Local News

McAuliffe helps lead the charge to eliminate state property tax

property tax OLYMPIA--Senate Democrats approved a 5 percent cut in the state property tax during the first week of the 1996 legislative session.
   "Last year, we passed a nearly identical property tax relief bill only to have Gov. Lowry veto it," said state Sen. Rosemary McAuliffe, D-Bothell, co-sponsor of the bill. "We promised then that we would take action on tax relief the first week of the 1996 session. Today, we kept that promise and laid the foundation for getting the state out of the property tax business altogether."
   McAuliffe said the state's share of property taxes will be cut by 5 percent in 1996, but that more importantly, the bill is aimed at eventually eliminating the state's share of property tax. To achieve that goal, some or all of the revenue exceeding the spending limits set by Initiative 601 would be used to gradually reduce the property tax.
   "This year, homeowners will see only a modest reduction," McAuliffe said. "But in future years, homeowners will see substantial savings."
   State property taxes account for about one-third of all property taxes collected by the various taxing districts. According to McAuliffe, elimination of the state's portion of the property tax would save the owner of a $150,000 home about $500 a year.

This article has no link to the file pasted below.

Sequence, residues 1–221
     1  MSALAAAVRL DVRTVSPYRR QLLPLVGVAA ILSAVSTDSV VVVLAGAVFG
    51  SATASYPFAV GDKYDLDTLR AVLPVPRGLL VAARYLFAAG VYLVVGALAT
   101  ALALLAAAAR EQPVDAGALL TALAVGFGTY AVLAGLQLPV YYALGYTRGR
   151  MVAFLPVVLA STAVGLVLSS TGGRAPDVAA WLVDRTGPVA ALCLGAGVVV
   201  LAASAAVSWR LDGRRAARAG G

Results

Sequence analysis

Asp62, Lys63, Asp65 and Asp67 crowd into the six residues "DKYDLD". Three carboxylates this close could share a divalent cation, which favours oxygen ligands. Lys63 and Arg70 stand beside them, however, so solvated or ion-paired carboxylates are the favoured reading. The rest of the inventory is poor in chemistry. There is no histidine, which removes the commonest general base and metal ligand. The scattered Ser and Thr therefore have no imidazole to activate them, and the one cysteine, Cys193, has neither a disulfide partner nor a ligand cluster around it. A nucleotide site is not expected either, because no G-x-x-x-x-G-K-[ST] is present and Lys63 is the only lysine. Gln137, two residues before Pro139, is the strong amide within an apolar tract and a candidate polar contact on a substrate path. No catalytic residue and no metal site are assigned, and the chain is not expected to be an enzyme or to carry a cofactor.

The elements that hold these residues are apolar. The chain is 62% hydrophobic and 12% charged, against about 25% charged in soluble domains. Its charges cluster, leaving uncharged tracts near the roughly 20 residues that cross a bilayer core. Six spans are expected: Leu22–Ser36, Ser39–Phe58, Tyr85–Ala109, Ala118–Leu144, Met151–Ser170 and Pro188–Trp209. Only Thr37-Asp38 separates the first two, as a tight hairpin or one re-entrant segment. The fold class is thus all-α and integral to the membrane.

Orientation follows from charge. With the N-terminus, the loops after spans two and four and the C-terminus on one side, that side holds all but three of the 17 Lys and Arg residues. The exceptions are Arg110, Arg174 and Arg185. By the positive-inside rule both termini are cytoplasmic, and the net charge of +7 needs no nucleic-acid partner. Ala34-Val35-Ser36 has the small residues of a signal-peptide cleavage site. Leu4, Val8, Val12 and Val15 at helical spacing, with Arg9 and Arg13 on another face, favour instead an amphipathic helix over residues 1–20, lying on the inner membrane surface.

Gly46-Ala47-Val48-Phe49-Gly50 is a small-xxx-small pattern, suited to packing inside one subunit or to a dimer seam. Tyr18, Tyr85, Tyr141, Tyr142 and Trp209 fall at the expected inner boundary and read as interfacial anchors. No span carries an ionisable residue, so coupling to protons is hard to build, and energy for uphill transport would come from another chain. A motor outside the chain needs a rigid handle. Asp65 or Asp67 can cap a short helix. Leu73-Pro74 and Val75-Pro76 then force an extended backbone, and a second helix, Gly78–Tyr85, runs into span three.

McAuliffe serves as Senate Education Chair, and assured people that even though their property tax bills will be reduced, school funding will not be affected. "This property tax relief bill was carefully crafted to ensure that over time, school funding would not be adversely affected," McAuliffe said.

B & O tax rollback
   McAuliffe also co-sponsored a successful bill rolling back the business and occupation tax (B&O), which gives service businesses such as architects, beauticians, and janitorial services cuts totalling $34 million this year and an additional $98 million next year.
   Both tax-cut bills are on their way to the House for consideration and will take effect immediately if they win approval from the House and are signed by Gov. Lowry.